However, after a decade of likes, photos, videos, updates and those ever-changing memes, we need to critically think about Facebook specifically and social media in general. What was called a ‘data revolution’ by Harvard’s Program for Evolutionary Dynamics is now fast becoming a headache and even danger for many users.

Facebook has generated some of the most unbeatable memes of pop-culture, connected long-lost friends and separated the closest ones. It comes down to how you use it as well as how Facebook uses you.  

The issue here is not the wastage of time or trolling that Facebook users complain about but the many mishaps that we have seen through mis-information and bite-sized updates that often lead to confusion and even offline harm.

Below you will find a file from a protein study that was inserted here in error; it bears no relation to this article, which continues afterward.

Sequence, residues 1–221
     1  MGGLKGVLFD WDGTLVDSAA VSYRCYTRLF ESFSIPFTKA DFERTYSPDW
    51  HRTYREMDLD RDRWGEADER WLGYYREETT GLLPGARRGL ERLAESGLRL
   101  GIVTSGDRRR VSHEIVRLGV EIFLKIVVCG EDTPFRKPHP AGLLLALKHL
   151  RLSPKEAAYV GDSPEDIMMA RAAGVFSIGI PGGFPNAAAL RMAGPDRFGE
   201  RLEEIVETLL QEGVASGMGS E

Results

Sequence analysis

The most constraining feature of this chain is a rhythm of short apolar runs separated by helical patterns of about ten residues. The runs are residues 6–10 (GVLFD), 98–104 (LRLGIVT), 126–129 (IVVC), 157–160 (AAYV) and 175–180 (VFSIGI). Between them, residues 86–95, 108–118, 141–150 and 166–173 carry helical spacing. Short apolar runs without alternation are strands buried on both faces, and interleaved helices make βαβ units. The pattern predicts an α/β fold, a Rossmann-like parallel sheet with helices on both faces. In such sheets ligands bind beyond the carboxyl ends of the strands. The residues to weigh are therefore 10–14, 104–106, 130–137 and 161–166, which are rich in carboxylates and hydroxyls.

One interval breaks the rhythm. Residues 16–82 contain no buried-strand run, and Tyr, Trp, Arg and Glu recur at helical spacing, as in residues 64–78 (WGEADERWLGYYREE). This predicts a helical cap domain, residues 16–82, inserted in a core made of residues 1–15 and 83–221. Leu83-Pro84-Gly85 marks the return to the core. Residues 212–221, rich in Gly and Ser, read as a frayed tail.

One of the most recent and insidiously violent trends we have witnessed on Facebook is the emergence of missing girls’ photos. In the United States, many gangs have uploaded photos of young women claiming they are missing and solicited information of those people to “save” them. Users, out of concern, quickly provide addresses and phone numbers which put those clueless women directly within the reach of rapists and assaulters.

In Pakistan, only recently did we find out about young men befriending women only to kidnap them.

So, you see, Facebook has a dark side too.

After 10 years, let’s just take an eagle eye view of the website that has made (and even destroyed) many lives.

The good side? It’s cathartic. If you have had a bad day or an unpleasant exchange with a co-worker, maybe you feel blue or the weather and you just don’t agree, you have Facebook to go on and let your thoughts out. One of the most fascinating aspects of the network is the almost instant reaction you receive. This is something that marketers have quickly followed up on with creating and spreading business ventures on Facebook. About 93 per cent of marketing companies rely solely on social media for pooling in potential clients and Facebook remains at the top of their list of the best websites for winning subscribers. So, in a way, Facebook has helped companies thrive.